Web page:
For general shorting information such as the short interest ratio, which is the short interest divided by the average daily volume, you can usually go to any website that features a stock quotes service. For example, you can find this information on the Yahoo Finance website in Key Statistics under Share Statistics. The New York Stock Exchange (NYSE) also calculates its own short interest ratio for the entire exchange, which can be a useful metric for determining overall market sentiment.
If you are interested in acquiring more detailed information about a specific stock, such as specific numbers about volume, average daily share volume or days to cover, there are websites that you can visit that would provide such information free of charge. According to the NYSE, all of this data is acquired from broker-dealers as part of the exchange's regulations. However, the specific site you will need to visit will depend on the stock exchange in which the stock that you are seeking information for trades.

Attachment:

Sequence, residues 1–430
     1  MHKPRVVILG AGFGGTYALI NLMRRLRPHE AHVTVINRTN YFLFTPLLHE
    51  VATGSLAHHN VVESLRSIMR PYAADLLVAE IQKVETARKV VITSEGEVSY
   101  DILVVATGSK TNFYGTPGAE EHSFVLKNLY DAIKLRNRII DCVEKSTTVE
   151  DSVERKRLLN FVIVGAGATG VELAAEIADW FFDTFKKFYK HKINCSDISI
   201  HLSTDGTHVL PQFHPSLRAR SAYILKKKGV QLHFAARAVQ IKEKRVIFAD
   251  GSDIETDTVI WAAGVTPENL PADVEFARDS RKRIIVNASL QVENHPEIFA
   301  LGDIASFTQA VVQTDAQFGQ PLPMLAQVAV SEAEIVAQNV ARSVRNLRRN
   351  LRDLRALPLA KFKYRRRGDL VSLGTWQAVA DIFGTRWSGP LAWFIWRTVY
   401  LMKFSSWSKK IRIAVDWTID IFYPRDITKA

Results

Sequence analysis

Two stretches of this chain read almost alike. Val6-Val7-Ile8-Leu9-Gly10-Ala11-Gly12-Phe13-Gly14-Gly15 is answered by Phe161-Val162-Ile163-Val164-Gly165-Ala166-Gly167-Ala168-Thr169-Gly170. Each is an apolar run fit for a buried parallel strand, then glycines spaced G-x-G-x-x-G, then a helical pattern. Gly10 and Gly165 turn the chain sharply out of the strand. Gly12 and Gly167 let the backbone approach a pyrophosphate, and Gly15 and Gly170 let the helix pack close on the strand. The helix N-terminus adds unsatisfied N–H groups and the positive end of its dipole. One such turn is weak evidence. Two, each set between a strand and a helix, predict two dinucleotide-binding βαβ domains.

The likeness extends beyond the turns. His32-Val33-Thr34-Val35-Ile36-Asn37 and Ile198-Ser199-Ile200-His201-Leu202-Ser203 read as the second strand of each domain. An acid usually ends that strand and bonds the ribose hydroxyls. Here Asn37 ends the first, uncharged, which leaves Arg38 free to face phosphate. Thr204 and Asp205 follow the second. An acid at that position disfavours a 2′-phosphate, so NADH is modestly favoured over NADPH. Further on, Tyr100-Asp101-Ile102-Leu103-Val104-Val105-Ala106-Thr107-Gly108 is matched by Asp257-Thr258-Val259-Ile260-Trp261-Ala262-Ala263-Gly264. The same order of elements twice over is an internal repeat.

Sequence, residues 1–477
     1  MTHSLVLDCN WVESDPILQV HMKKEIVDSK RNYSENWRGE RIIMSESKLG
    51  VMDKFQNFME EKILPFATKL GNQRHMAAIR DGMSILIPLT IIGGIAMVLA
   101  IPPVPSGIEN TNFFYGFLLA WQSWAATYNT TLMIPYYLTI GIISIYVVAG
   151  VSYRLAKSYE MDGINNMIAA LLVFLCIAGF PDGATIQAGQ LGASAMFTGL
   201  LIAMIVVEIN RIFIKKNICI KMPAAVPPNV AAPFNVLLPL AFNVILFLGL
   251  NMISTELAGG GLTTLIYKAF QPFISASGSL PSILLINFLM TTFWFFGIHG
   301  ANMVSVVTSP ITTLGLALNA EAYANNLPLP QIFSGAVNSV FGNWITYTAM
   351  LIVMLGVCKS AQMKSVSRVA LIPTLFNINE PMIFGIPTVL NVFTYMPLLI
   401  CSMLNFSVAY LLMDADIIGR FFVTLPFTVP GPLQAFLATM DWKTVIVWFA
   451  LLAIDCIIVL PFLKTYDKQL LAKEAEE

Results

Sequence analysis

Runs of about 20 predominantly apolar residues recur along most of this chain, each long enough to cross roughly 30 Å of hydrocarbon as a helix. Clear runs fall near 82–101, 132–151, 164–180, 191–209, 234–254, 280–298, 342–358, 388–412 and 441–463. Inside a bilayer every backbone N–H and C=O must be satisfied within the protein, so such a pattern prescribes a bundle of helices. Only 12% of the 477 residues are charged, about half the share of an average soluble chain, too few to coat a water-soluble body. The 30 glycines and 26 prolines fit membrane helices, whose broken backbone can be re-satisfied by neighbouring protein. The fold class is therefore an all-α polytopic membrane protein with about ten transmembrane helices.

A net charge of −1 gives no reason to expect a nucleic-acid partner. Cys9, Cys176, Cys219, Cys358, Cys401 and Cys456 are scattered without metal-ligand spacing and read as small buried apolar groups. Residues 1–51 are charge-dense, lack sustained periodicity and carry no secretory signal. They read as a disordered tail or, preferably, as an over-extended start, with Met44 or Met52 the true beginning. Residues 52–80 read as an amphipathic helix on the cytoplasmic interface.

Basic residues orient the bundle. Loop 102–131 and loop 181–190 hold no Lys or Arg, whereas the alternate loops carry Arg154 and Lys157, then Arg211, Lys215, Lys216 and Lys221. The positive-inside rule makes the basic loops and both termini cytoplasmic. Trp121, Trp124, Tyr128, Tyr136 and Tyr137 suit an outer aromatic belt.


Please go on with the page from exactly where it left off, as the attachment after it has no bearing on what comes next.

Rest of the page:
Seeking Shorted-Shares Info
For example, if the stock in question is traded on the Nasdaq, you would have to use Nasdaq Trader's Trading Data, where you can find Nasdaq's Monthly Short Interest Tool. If the stock that you are interested in is found on the NYSE, you can check out NYSE Data's NYSE Short Interest Tool.
Short interest is generally expressed as a percentage of the number of shorted shares divided by the total outstanding shares. A company with a 10% short interest, for example, might have 10 million short shares out of 100 million shares outstanding.
Day traders use short interest as a technical indicator. If there is a high short interest in a particular equity and a breakout occurs, traders could scramble to cover their shorts, creating a snowball effect that day traders use to compound their profits. (See also: Short Selling Tutorial and Short Interest: What It Tells Us.)